HomeLegal GKKey Constitutional Developments Between 1937-1947 for CLAT (Part 2/2)

Key Constitutional Developments Between 1937-1947 for CLAT (Part 2/2)

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As a law aspirant, you are expected to know the history of the Constitution of India, which is the foundation of the legal framework of the country. In exams like CLAT, AILET, SLAT etc, you will be tested on your knowledge of the Indian Constitution. This article discusses the key constitutional developments between 1937-1947. You can read the previous part here.


Resignation of the Congress Ministers and the Two Nation Theory

When the World War II broke out, the British declared India to be a belligerent country (a country engaged in conflict or war) without consulting any Indian political party. The Congress said that the issues of war and peace for India should be decided by Indians and it refused support from Indians to the largely imperialistic World War II.

Congress demanded to know the clear stance of British about Indian’s position in the war. But this was not provided by the British and hence as sign of protests the Congress ministers from almost 8 provinces resigned.

Mohammad Ali Jinnah took advantage of this situation and began to preach what he called the two nation theory. This theory was based on the idea of continued hostility and complete separation between Hindus and Muslims.

When in 1937 the part of the Government of India Act, 1935 relating to the provinces was enforced, elections were held. In the election, the INC won with complete majority in Madras, the central provinces, Bihar, Orissa and the united provinces (present day UP & Uttarakhand). Then the Muslim League members of some of the Hindu majority provinces expected the INC to invite them to form a coalition government.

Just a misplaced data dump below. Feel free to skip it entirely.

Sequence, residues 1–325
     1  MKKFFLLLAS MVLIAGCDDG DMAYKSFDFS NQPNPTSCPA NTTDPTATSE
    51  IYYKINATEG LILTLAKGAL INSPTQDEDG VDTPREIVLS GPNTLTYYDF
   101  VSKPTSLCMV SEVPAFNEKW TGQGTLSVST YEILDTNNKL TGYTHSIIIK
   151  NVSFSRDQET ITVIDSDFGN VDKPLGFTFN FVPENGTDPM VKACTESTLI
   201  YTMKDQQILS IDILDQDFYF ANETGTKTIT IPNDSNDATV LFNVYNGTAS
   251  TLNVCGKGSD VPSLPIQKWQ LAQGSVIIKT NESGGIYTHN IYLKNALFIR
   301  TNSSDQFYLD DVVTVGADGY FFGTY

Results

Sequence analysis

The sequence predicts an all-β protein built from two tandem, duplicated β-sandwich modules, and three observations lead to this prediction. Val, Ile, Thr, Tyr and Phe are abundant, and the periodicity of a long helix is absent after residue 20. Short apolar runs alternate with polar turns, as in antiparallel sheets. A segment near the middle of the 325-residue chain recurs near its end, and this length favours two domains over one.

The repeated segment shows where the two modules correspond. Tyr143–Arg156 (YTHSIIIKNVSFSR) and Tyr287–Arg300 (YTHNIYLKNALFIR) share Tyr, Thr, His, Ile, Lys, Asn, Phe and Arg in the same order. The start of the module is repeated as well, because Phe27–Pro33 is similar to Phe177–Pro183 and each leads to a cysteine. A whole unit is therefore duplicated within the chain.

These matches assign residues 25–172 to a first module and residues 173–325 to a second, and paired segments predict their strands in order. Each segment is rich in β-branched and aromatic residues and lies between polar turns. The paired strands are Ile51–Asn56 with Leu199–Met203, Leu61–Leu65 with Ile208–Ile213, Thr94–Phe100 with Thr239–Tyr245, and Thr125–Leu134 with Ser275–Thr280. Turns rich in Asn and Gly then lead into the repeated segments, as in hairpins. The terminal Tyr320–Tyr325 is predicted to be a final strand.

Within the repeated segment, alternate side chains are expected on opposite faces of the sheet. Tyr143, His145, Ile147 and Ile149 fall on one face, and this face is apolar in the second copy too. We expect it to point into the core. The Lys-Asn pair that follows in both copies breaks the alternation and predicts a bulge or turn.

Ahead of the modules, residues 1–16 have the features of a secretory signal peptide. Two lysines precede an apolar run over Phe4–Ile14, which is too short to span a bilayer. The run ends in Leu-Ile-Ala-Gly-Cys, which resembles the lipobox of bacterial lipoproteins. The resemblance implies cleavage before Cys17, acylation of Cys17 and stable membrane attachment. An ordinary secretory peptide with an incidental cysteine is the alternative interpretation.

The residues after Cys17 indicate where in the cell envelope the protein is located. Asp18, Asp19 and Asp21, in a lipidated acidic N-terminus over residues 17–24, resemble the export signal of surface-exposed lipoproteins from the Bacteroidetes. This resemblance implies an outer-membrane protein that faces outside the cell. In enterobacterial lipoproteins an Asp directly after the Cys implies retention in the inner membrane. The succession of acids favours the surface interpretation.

But the INC did not do so. And to many historians and scholars, this felt like a big mistake on part of INC. Instead the Congress told the Muslim League to cease to function as an independent party, which the Muslim League obviously refused to do.

Muslim League started creating fear in the minds of the Muslims especially those living on Hindu majority provinces, of Islam being in danger from Hindus. They declared Congress to be a fascist party which intended break communal peace.

August Offer, 1940

Winston Churchill became the Prime Minister of Britain in 1940. Also, France fell into the clutches of Germany and Britain faced the threat of immediate Nazi occupation. This made the INC soften a bit towards the British and they tried to strike a deal with them.

The INC offered to cooperate with the British in the war if they transferred their authority to India and agree to make an interim government. So the British in reply to this sent a counter offer though Viceroy Linlithgow which was called the August Offer.

The offer said that the constitutional reforms or issues cannot be discussed at the moment since the war was going on. They agreed to set up a representative Indian body to frame a Constitution for India. Meanwhile, the Viceroy’s Executive Council would be expanded immediately to include more Indians.

Congress refused to accept the August Offer.

The Cripps Mission, March 1942

The Congress continued to not cooperate with the British. So to secure Indian cooperation, Sir Stratfford Cripps was sent to India. Cripps Mission came to India in 1942 with a draft declaration of the British government and started negotiations. But the mission returned to India unsuccessful in April, 1942.

The main proposition of the mission was gaining full cooperation from India for the war and in return it promised full self-government (dominion status) and elections to the Indians post the war.

Quit India Resolution, 1942